Pain comes in a variety of forms; that dull headache after a long day in the office, that sharp pain when you stub your toe or an awful toothache that just won’t go away. Some people suffer from pain that is chronic, because of conditions such as arthritis, fibromyalgia and migraine.
But pain, no matter what its source, need not be painful.
What is pain?
Pain is an unpleasant sensation linked to musculoskeletal and tissue damage. Although unpleasant, the feeling of pain has a purpose; it alerts the body to react to prevent further damage. The experience of pain is highly subjective, meaning that we all experience pain differently and this makes the treatment of pain difficult.
How can I treat chronic pain?
Pain is complex – as are the types of pain relief available. There are more types of pain relief available today than ever before, including traditional medication and holistic treatments. Medication, mind-body techniques and other therapies like hypnotherapy are all popular ways of treating chronic pain.
The traditional treatment of days of bed rest is no longer considered the best way to treat chronic pain, a multidimensional approach is best, encompassing exercise, staying at work, physical therapy and painkillers.
It is important for exercise to be part of your daily routine. Try to stick to exercise that doesn’t put too much pressure on your body - good examples include; swimming, walking or yoga. Try to make light exercise and stretching a part of your daily routine. The NHS offers a comprehensive list of flexibility exercises to keep your body active.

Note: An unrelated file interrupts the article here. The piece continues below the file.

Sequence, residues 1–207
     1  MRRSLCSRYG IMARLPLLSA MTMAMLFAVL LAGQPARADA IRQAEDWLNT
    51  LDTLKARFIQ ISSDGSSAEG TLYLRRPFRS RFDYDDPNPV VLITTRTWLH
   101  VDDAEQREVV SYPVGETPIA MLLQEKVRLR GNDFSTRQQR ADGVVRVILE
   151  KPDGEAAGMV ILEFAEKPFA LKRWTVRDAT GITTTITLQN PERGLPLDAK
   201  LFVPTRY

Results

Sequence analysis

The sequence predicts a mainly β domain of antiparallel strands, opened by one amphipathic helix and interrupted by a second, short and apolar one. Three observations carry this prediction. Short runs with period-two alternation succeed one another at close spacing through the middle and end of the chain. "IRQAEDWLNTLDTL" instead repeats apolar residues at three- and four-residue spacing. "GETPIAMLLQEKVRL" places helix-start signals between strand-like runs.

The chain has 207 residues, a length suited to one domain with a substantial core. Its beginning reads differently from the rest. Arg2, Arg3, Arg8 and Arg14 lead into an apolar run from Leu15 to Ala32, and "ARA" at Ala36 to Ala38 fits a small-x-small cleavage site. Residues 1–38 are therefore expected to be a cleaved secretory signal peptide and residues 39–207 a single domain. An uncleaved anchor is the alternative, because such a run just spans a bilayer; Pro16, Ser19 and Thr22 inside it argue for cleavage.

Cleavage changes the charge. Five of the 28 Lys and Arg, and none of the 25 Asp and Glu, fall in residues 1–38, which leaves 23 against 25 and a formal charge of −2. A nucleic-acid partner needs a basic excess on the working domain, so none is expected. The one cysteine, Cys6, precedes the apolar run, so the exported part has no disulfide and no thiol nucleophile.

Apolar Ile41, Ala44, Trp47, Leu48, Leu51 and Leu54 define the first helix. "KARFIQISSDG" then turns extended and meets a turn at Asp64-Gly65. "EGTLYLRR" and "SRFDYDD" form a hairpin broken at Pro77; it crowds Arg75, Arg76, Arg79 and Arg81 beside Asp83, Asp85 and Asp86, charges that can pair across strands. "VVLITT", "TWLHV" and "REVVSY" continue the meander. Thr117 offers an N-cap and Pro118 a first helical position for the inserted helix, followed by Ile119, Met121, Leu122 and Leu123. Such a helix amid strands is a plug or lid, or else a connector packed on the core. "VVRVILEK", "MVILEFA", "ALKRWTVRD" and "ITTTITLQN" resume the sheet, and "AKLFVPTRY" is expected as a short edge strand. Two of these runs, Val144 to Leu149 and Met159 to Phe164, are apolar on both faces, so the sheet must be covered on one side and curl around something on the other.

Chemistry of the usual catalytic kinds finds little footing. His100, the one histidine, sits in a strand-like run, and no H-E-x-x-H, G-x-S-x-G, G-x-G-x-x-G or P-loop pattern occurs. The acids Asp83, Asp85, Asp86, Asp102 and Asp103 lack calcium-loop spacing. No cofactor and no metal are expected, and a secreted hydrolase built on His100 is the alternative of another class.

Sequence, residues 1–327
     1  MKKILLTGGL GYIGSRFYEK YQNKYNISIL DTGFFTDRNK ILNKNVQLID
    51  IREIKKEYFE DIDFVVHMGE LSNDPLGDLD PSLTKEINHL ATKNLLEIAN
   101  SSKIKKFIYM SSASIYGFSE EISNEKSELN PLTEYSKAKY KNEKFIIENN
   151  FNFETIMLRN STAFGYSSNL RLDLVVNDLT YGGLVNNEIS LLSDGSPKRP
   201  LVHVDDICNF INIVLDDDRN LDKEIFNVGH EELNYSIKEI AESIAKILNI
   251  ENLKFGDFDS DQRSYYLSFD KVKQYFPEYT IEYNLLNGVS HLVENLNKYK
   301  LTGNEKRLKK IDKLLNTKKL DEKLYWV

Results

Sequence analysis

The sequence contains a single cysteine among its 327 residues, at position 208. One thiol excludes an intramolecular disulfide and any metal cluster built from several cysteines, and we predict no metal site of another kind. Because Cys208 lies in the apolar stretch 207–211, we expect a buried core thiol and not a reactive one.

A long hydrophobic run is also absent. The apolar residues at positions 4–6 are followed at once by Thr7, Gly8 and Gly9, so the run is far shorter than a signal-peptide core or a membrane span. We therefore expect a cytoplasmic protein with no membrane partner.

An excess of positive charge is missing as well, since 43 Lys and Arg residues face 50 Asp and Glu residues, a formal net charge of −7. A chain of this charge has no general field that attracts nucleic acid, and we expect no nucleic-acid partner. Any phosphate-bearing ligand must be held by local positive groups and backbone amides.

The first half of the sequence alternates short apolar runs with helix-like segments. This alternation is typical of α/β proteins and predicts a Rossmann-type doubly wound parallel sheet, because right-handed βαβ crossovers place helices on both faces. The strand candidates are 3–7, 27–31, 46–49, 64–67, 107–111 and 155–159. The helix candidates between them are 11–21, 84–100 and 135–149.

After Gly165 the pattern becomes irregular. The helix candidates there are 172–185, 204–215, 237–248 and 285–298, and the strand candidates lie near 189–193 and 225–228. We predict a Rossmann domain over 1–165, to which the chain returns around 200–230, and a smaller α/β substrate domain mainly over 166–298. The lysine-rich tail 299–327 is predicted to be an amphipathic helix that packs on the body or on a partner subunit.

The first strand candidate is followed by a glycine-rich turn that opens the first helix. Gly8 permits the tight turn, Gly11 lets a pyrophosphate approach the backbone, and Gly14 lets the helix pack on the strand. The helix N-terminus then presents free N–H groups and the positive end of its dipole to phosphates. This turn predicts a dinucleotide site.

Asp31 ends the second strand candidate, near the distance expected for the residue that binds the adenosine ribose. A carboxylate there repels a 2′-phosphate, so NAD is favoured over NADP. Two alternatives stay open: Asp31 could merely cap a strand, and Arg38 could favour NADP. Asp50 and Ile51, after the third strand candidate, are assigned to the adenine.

Physical therapy (PT) is a popular form of pain relief that focuses on movement usually delivered by a chiropractor, osteopath or physiotherapist. Physical therapies include movement-based activities such as stretching and low impact aerobic exercise.
The highly personalised nature of pain means that those who suffer chronic pain may try a variety of different physical therapies including applying heat/ice packs, ultrasound, electrical muscle stimulation and manual therapy such as massage.
Staying at work
People who stay off work for periods longer than 6 weeks become less active and may become depressed. If you must stay off work for a period of time due to pain, speak with your doctor or physiotherapist on a plan to get back to work as soon as possible.
Often you may be able to start back at work gradually - speak with your employer about creating changes that can accommodate you.
Popular painkillers include tablets which contain paracetamol (brands such as Panadol) and are available to buy over the counter. For stronger pain relief, your pharmacist may recommend you try Nonsteroidal anti-inflammatory drugs (NSAIDs) such as ibuprofen (these are sold under brand names such as Nurofen).
Both paracetamol and NSAIDs are effective pain relievers, particularly in combatting muscle pain, although NSAIDs are far more effective in dealing with inflammation by blocking prostaglandins which convey pain signals to the brain.
All pain medication must be taken as directed, and some people with ongoing medical conditions cannot take NSAIDs.
How can I manage my pain?
If you want to discuss how you can better manage your pain, call into any of our CarePlus pharmacies and talk to our helpful pharmacists.